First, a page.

Monday, October 10, 2011

they seem authentic...Mr and Mrs Schermerhorn, for a (very) reasonable price!

Mr. and Mrs. Schermerhorn attributed to Gilbert Stuart c. 1825

Cowan's October 8 Fall Fine and Decorative Art Auction (Cincinnati) offered two Stuart portraits, Mr. and Mrs. Cornelius Schermerhorn. Now how is this..the estimate was only $1,000 - $2,000 and starting bid for $500.!
The Price Realized: $10,575.00. (Something is odd about the pricing here, Chinese artifacts are definitely the hot items in the auction circuit!)

The description was given:
Attributed to Gilbert Stuart (American, 1755-1828), ca 1825, includes two unsigned portraits of Mr. and Mrs. Cornelius Schermerhorn, both housed in decorative gilt and gesso frame; 32.5 x 25.5 in.

A New York sea captain, Mr. Schermerhorn became a successful merchant in the newly independent United States. Born in 1756 in the colonies, he died in 1826, shortly after this portrait was probably painted. Cornelius is shown in a three-quarter pose, seated in a mahogany Grecian chair against a swag of red drapery with blue gray sky in the background. The companion portrait of Mrs. Schermerhorn depicts her seated in a heavier gilt Grecian chair with red upholstery.

There was no other information offered on the portraits. If the portraits were done in 1825, then Mr. Schermerhorn would be 70 years old. Neither he nor his wife look to be much past 60, I am sceptical of the date given to the portraits (c. 1825). The pair are not in the Lawrence Park volumes, nor in (George) Mason. Gilbert Stuart, if in fact he completed these portraits in 1825, passed away 3 years later (1828)--and he certainly spent much time on some of the accents in these portraits, such as the shawl with the rose border. Unusual, since Gibby did not like to focus on much of anything except for the face. The hands are very well done as well. hmmmm.

I did some sleuthing on Mr. Schermerhorn and found this (courtesy Schermerhorn Genealogy and Family Chronicles):

Cornelius I. Schermerhorn lived at Schodack Landing, N. Y. He was a merchant and large land and vessel owner, several of his vessels being engaged in trade with the East Indies. In 1793 he was a Lieutenant in his father's regiment. In 1798 he was Captain of Light Infantry in Brig. Gen. Henry K. Van Rensselaer's Rensselaer Co. Brigade. 1798-1800 he was Adjutant in Col. Nicholas Staat's Rensselaer Co. Regiment. March 30, 1803, he was commissioned as Major and on March 12, 1810, as Lieutenant Colonel, and April 3, 1812, as Colonel of the 43rd Regiment, 8th Brigade, Third Division of the New York Militia under command of Brigadier-General Jacob A. Fort and Major General Henry Livingston. Colonel Schermerhorn served on the frontier with his regiment during the war of 1812.
Cornelius I. Schermerhorn held the office of assessor in Schodack in 1795, and from 1800 to 1809 was supervisor of the village. In 1808, 1809, 1810, 1811 and 1818 he was a member of the New York State Assembly, and during that service he way prominently identified with the plans for the inauguration of the Erie Canal.

A characterization from the pen of a grandson, reads as follows:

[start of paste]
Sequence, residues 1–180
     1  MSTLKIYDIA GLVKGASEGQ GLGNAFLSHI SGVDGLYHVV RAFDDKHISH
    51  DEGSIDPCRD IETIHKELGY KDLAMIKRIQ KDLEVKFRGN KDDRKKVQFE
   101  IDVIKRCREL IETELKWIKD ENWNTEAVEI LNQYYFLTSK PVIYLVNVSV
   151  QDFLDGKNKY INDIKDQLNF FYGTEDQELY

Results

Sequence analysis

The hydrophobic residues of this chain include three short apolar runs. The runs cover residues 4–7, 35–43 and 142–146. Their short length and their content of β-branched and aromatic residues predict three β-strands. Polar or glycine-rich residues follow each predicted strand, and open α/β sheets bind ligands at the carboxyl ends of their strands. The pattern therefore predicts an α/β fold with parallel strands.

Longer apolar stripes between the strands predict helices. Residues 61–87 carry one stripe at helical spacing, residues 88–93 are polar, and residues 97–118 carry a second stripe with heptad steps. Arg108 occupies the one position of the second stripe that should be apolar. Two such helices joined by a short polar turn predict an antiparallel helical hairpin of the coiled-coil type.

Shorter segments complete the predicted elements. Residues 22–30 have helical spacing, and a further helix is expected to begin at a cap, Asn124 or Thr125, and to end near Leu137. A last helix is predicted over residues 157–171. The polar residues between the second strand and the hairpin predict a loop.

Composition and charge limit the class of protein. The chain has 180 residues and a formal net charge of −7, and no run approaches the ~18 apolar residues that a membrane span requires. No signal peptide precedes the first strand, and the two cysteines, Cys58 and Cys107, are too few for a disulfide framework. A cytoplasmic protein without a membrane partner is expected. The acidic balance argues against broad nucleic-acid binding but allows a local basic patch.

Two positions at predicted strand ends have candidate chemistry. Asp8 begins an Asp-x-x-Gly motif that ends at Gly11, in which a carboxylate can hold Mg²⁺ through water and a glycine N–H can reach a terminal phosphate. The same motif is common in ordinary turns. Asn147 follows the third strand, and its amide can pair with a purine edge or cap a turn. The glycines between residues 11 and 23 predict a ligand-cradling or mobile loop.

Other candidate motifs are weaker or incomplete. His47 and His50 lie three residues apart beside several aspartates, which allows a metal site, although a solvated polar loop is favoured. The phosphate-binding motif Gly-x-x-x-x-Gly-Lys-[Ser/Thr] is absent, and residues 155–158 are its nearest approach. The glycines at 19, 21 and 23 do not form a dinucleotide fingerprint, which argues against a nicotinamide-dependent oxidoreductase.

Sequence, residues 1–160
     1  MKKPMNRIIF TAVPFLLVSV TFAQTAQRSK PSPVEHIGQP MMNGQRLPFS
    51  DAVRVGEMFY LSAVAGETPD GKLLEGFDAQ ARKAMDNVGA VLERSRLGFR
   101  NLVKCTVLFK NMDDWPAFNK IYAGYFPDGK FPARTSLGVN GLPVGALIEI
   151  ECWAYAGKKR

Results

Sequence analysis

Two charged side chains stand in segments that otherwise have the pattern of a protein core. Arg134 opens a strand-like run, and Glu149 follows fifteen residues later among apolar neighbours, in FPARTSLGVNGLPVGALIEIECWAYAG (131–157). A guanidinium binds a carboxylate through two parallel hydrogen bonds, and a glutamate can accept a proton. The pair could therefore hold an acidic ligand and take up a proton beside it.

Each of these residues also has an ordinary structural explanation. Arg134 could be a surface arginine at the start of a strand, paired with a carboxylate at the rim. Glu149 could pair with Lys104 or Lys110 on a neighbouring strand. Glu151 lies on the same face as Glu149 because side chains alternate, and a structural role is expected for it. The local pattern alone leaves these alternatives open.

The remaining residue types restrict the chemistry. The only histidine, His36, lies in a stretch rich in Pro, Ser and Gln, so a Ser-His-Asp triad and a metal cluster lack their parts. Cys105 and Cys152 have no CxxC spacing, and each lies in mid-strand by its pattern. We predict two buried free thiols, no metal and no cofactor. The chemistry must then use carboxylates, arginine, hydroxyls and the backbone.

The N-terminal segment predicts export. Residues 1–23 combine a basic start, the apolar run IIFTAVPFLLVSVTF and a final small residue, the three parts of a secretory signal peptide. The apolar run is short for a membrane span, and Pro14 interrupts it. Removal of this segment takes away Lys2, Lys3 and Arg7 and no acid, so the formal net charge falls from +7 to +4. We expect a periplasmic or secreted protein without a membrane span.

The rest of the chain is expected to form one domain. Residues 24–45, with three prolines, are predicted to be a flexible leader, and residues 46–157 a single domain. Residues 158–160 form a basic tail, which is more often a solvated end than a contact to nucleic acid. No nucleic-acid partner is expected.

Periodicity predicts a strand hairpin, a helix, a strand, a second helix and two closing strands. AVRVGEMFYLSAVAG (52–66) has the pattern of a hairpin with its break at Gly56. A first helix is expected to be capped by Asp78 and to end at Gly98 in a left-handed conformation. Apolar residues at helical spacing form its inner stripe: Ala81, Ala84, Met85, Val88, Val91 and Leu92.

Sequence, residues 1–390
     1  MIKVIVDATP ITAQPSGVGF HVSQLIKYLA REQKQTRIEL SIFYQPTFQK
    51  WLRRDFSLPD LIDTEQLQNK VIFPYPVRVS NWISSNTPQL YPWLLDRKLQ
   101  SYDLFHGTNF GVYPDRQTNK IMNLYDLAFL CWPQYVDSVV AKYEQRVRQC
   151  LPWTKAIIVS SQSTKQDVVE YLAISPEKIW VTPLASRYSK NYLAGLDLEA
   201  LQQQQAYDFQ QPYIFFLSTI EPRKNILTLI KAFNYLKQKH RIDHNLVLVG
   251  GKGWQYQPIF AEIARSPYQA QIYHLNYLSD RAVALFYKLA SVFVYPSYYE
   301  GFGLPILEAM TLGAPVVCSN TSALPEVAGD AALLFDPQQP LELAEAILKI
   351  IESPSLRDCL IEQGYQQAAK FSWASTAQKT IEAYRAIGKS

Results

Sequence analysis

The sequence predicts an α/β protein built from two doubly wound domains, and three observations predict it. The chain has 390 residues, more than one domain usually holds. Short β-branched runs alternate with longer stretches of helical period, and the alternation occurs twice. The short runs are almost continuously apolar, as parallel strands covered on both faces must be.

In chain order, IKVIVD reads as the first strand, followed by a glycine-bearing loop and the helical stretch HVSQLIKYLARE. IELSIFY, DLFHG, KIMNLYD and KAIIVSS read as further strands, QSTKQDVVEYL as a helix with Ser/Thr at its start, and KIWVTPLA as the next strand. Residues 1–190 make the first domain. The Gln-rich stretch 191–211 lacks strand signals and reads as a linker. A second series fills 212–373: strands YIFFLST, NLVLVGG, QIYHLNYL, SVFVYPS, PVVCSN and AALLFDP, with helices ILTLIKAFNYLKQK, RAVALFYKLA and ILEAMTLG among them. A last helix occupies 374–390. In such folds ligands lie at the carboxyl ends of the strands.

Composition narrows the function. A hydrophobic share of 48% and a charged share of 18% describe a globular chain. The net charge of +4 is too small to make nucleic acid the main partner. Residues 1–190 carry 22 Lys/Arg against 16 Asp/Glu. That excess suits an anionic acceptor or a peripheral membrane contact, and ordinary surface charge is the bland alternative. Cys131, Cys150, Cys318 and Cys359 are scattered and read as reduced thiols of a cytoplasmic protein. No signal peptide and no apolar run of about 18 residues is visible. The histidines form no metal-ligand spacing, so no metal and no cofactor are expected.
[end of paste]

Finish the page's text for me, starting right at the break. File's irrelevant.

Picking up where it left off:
"My grandfather, Col. Cornelius I. Schermerhorn lived in the house which still stands (1905) a little north of the village of Schodack Landing and quite near the bank of the river. It is said that this house was built about 1760 with bricks brought from Holland. It is an excellent type of the better class of houses of the Dutch settlers. My grandfather in many respects resembled his father, though less domineering in character. He was silent and reserved and like his father a leader among the men with whom he was associated. Through his business ability he added materially to the property left him by his father, and at the time of his death in 1828, he owned nearly all the farms in the vicinity of the village. He had in addition large vessel interests, part of which was engaged in trade with China and the East.
His wife Elizabeth Monden, was an exceedingly bright, vivacious woman, with a highly developed religious nature. She was a descendent of Heer Johannes La Montagne, vice-director of the West Indies Co., at Fort Orange, Albany, from 1659 to 1664. The family was of Huguenot origin, emigrating from Holland about the middle of the 17th century. The name became changed to Monden, Monton, Munden."

With regard to authenticity Cowan's Auctions provides these words: Cowan's Auctions makes limited warranty concerning the authenticity of any lot for a period of 21 days following the sale. If a buyer is not satisfied that the item purchased is genuine, they may, at their expense, obtain the opinion of two mutually agreed upon recognized experts in the field of the disputed item. If these experts determine the item is not genuine, the buyer's sole remedy under the auctioneer's warranty shall be the rescission of the sale and refund of the original price paid for the item.

Also: Cowan's Auctions, Inc. assumes no responsibility for correct descriptions or defects in any lot, and makes no warranty in connection therewith.


Rouchswalwe said...

I love the way you 'sleuth' ...

Anonymous said...

Regarding to the Mr. and Mrs Schermerhorn paintings. Name: Elizabeth Mondain died in 1815.

Birth: 1764 New York
Death: 1815 New York

So I believe the date Circa 1825 would be incorrect, and Corneilus died in Aug 1828.

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